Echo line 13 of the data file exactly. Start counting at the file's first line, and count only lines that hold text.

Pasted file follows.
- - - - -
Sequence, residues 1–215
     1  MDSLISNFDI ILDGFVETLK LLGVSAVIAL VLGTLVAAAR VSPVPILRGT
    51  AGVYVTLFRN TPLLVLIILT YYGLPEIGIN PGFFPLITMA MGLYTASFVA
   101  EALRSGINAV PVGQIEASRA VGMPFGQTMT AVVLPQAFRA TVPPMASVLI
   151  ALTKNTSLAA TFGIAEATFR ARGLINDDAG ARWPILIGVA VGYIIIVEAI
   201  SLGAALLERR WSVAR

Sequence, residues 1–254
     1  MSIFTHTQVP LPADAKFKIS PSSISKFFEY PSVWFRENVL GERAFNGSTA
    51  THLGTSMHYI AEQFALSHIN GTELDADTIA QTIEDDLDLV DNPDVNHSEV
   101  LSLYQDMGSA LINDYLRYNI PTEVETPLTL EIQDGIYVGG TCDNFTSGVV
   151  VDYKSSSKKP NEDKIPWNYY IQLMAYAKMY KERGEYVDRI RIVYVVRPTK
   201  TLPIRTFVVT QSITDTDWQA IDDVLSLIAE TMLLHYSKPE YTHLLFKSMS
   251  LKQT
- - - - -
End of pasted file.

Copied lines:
   251  LKQT